Washington -- ONCE AGAIN, the old argument heard in a Democratic Party fallen on lean times is surfacing: Can the voters be trusted to select a presidential nominee capable of winning and governing, or must the party's experienced officeholders save it from another folly
Democratic officeholders have been complaining ever since the party's 1972 reforms opened its presidential nomination proccess to more voters that the old pros, the reservoir of political wisdom and judgment, have been brushed aside, resulting in a string of losers from George McGovern to Michael Dukakis.
Now one of them, Sen. Terry Sanford of North Carolina, is pressing his colleagues in Congress to seek an early, louder say in the process so that the first 1992 voter tests in Iowa and New Hampshire don't produce a candidate who can't rally the party behind him and hence can't win.
"Dukakis ran without understanding that there was a Democratic Party out in the land, and he never did call on it," Sanford says, by way of arguing for a greater voice by party leaders who then might rally to the eventual choice.
Sanford's argument is an old one -- that the Democratic nominating process unduly rewards strong showings in Iowa and New Hampshire, where relatively few voters render a judgment that may be more the product of campaign hype than of substance. What is needed, he says, is some "professional judgment" by politicians who have been through the mill on which candidates offer the best hope of winning and then governing well.
The former North Carolina governor insists that he is not out to replace primary voting with the evaluation of candidates by a small group of office-holding wise men. Rather, he says, he wants to see some counterforce created to the early voting tests so that good candidates with good ideas are not knocked out of the nomination race early.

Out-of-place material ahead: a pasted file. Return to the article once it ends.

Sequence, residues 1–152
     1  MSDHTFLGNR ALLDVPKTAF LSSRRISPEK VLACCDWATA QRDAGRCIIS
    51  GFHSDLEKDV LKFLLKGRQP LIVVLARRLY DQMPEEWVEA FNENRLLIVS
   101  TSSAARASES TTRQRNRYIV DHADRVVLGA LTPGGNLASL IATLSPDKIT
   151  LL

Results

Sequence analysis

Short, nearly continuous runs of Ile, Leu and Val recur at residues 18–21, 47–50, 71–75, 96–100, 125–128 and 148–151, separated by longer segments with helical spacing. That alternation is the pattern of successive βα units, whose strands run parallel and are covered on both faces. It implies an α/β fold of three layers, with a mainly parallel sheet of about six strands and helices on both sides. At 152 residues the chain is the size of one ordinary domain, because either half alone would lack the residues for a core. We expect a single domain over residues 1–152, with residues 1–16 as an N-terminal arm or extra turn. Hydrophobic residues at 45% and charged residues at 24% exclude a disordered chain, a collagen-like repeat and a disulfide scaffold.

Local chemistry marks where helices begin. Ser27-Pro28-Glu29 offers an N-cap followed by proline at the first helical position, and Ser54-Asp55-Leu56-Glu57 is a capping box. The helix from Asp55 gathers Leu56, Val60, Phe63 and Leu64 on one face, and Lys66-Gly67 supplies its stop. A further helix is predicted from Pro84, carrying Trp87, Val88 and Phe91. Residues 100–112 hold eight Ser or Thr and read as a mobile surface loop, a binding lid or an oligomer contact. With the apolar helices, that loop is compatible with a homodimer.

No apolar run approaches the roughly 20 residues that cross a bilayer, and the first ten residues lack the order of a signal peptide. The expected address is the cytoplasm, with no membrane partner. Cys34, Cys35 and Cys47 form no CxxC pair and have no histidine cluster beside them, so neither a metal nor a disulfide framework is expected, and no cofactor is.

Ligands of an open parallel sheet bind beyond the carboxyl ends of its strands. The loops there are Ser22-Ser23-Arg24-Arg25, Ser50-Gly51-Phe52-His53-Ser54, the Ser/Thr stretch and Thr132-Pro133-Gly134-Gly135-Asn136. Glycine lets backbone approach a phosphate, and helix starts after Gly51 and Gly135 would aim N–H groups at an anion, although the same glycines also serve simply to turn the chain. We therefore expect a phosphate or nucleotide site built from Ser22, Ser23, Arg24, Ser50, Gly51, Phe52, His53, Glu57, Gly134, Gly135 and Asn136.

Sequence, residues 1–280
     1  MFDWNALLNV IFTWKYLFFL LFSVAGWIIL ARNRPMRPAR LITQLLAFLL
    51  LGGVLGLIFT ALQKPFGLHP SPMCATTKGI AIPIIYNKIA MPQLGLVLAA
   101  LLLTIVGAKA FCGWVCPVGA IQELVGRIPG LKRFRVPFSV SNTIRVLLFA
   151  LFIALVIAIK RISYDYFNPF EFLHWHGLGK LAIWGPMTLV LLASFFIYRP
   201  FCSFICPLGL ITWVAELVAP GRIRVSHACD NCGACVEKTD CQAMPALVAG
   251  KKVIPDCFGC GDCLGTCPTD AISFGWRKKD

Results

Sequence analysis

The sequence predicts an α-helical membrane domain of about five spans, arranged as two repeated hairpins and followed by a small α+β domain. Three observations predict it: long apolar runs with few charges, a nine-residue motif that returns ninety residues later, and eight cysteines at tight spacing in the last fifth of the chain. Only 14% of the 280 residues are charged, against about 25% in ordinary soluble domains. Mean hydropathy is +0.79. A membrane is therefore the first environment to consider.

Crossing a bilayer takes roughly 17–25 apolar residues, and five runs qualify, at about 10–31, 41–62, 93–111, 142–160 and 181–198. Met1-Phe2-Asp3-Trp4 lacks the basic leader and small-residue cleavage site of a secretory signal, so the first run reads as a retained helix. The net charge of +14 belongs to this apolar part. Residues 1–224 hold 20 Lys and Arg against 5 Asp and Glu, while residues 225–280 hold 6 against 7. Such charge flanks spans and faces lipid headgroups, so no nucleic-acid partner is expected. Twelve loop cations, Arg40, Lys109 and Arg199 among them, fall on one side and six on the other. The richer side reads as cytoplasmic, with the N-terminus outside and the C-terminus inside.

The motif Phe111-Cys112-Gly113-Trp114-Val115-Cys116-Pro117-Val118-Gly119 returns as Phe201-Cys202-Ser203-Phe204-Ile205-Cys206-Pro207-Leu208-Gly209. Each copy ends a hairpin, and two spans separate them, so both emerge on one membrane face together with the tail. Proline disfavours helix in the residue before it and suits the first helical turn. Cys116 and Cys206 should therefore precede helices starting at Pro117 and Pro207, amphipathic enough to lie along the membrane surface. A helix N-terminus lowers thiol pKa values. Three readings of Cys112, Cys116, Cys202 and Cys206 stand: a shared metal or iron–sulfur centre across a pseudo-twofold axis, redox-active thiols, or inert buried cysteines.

Accordingly, Sanford is lobbying his colleagues for establishment of a series of candidate auditions next December or January at which presidential hopefuls one at a time would come before a large gathering of officeholders in Washington and subject themselves to a thorough exchange of views.
Invited would be office-holding Democrats selected as "super-delegates" to the Democratic National Convention by virtue of their positions and unpledged to any candidate. After hearing all the White House aspirants, Sanford says, they would cast straw votes intended merely to provide an unofficial credential for their favorites. The candidates would come out of the sessions with a rating that, Sanford says, would provide voters in remaining caucuses and primaries with a guide on which of them was regarded highly by the pros.
It is a notion, however, that assumes voters will pay attention to what the officeholders say. In this era of voter disillusionment toward elected officials, a high rating might not carry much weight at all.
Whether candidates would be willing to submit to such judgment is another matter. A non-officeholder and particularly a non-member of Congress might feel the process was stacked against him. Officeholders, too, might be reluctant to identify too closely with one candidate, fearing they might wind up with a loser. They will remember 1972, when many officeholders endorsed Sen. Edmund Muskie and wound up not even getting to the convention as delegates when Muskie slates on which they ran lost.
Paul Tully, political director of the Democratic National Committee, says he favors anything that encourages candidates raise issues against President Bush and can lead to an early decision on the party's nominee, with the party leadership behind that decision.
At the same time, any exercise that would encourage candidates to maintain their candidacies after poor showings in the early caucuses and primaries would run counter to the prime objective of Democratic National Chairman Ron Brown. He wants to get the intraparty competition over quickly and with minimal internal bleeding, so that nominee and party can focus early on the campaign against Bush.
Right now, although Sanford denies any such intent, his proposed exercise is likely to sound like a throwback to the old decision-making in smoke-filled rooms. This doesn't seem to be the most propitious time to ask cynical voters to pay particular attention to the rascals they've thrown in.